Raiding the larder of ideas.

What one family eats, plans to eat, dreams of eating. Plus, other food and kitchen-related stuff from the home of steak-and-potatoes, pie and fresh green beans from the garden.

Thursday, October 31, 2013

Dangerously fudgy breakfast bars

Danger, Will Robinson! These are actually sort of good for you!

My friend Asteroidae and I have a weekly appointment on Thursdays, to make a batch of breakfast bars for her to have on hand in the mornings. We started this because she has the same problem I used to have – it's nigh impossible to jump start in the morning, and we've thus both been too rushed to eat a nutritious breakfast. This way, when she's running behind (and, like me, that's fairly often) she will be able to reach into the refrigerator and grab a portable handful of breakfast. Plus, she gets to learn more cooking and baking techniques. Double-plus, we have an excuse to enjoy each other's company.

And, as further benefit, her family gets to share in the tasty treasures, I get to play in the kitchen without having consequences to my girth, and…well, the list goes on.

Since this week was interrupted by Halloween, though, and Asteroidae spent the afternoon with her family, carving pumpkins and putting finishing touches on their decorations, I was left to my own devices. Sigh.

Rather than mope around, I decided I'd go ahead and work up another pile of stuff I don't need, so that when Asteroidae and her brother arrived, I'd have a few bags of tasty treats for them, anyway.

A week ago, we made a batch of hazelnut-fudge breakfast bars, using the popular spread and a recipe I found online. After I'd bragged about the treats to my friends on social networks, one of them commented that her kids couldn't have hazelnuts. Was there a variation I could find?

Unfortunately, the hazelnut spread has its own particular flavor and texture, so it's pretty difficult to replace its fudgy richness. Fortunately, I had recently discovered jars of Nutkao Gran Cremeria spread in the imported foods section of my favorite nearby Big Lots store.

If you have severe allergies, this is still not the option you need, as the label clearly indicates Nutkao manufactures its dark chocolate spread in the same facilities, with the same equipment with which hazelnuts, soy, and other nuts are processed. But if you're looking for a nice non-nut spread for this recipe or others, this Italian company has a very tasty, dangerously chocolatey option... and it makes awesome breakfast bars!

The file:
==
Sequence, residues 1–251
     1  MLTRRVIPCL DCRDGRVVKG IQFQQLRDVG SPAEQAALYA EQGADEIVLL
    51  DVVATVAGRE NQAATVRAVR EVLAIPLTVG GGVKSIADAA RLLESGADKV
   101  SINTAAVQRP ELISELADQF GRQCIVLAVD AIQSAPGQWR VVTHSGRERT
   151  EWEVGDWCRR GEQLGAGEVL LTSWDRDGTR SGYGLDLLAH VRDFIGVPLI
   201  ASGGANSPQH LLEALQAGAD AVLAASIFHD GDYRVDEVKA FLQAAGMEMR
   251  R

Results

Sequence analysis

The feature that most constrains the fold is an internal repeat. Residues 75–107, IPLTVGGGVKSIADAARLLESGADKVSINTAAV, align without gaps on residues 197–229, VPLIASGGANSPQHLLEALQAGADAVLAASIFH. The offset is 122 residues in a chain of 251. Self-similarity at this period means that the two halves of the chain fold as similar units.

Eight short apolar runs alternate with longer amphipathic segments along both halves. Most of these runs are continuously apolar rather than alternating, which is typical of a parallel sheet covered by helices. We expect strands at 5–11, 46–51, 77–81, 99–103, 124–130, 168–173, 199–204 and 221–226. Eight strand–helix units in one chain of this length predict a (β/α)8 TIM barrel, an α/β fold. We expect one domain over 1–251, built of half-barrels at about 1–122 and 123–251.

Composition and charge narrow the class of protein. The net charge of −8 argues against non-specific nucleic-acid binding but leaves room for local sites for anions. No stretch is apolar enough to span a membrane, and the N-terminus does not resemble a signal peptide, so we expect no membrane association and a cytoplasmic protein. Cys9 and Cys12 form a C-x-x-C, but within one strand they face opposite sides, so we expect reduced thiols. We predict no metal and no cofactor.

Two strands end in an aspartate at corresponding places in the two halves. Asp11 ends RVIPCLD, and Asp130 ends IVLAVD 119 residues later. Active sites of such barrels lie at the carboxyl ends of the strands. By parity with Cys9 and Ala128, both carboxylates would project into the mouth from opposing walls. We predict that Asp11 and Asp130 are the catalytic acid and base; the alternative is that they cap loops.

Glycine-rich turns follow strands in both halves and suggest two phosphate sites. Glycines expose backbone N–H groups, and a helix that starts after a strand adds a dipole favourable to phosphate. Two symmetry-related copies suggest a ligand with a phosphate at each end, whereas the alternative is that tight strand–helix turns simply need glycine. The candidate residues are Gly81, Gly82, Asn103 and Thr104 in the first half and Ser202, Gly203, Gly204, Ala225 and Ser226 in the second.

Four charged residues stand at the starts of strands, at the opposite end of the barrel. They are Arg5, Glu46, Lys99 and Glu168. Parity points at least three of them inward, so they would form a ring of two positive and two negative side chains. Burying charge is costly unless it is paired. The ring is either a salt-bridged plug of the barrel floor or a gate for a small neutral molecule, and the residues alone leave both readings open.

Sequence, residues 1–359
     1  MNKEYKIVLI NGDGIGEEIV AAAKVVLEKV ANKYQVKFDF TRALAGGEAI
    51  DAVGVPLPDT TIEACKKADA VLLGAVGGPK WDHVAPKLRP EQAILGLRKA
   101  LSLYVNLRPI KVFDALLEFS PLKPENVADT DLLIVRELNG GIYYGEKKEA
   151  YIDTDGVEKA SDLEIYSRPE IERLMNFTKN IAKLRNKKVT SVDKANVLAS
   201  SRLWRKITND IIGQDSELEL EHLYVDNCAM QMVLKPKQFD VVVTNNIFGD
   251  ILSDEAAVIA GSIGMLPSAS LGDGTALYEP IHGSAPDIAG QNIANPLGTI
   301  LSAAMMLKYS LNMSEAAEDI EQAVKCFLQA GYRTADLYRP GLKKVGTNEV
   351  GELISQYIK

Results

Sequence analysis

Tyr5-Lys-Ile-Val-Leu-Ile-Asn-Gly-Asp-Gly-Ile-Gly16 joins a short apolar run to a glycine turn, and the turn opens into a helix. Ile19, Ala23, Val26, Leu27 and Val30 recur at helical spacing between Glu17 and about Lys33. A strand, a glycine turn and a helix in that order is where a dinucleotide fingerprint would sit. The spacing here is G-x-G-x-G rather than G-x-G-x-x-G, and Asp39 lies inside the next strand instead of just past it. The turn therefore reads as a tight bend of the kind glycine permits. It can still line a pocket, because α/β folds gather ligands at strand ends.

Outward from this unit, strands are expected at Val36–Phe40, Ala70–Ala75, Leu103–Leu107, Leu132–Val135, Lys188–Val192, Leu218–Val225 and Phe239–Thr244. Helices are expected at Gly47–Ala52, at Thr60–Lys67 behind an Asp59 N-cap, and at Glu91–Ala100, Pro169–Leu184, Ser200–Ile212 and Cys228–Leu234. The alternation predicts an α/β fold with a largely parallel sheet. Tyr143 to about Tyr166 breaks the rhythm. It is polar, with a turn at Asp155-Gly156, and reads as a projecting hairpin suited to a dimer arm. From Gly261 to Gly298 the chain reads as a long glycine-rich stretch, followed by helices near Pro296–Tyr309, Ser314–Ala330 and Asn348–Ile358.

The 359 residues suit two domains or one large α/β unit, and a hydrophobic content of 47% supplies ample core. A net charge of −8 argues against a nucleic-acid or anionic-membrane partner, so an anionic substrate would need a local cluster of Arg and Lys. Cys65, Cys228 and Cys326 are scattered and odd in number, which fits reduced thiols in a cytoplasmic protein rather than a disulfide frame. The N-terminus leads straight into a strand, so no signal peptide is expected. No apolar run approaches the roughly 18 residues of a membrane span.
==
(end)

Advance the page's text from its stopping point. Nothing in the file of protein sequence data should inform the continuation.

Dangerously Fudgy Breakfast Bars


4 cups granulated sugar
1/2 cup Dutch process cocoa powder
1 cup butter (2 sticks) (You can substitute coconut oil, but it will change the flavor, obviously)
1 cup milk or substitute (I used plain soy)

1 jar (350 grams) Nutkao Gran Cremeria Dark Chocolate Spread,* warmed to soften
5 cups quick oats (not instant)
1 cup chopped pecans (optional)
1/2 cups dried cherries or cranberries (optional)
2 Tablespoons powdered vanilla


Grease and line with parchment one 8x14x2" roasting/baking pan.

In a 3 quart (or larger) saucepan or stockpot, mix sugar, cocoa, and soymilk. On medium-high heat, stir constantly until the butter is melted and the mixture comes to full, rolling boil. Allow to boil 1 minute without stirring, then remove from heat.

Stir in Nutkao Chocolate Spread until completely blended, then add the oats, pecans, cherries, and vanilla. Stir until well-mixed. Pour into baking pan, spread evenly, allow to cool in refrigerator or freezer.

*I found this imported product at a Big Lots store in my neck of the woods, but it may not be available in every region. It is much thicker and more fudgy than most chocolate toppings, but, if you wish, you may choose to substitute a popular hazelnut/chocolate spread. However, if you do, it will not be as darkly chocolatey, and its decadence may be diminished. Okay, the hazelnut (or other nut spread) recipe, since it is less darkly delicious, will probably be snitched by kids more, so if you're a dark chocolate fanatic & want to protect your shares, avoid making that change…

Not designed to be shared.

Note: under normal circumstances, one makes these treats using quick oats. I had some rolled oats on hand, but they were of the sort which take a little longer to turn to mush in the mornings. They make the bars denser, chewier, and hold a slightly nuttier flavor than the quick oats do, if you like that sort of thing.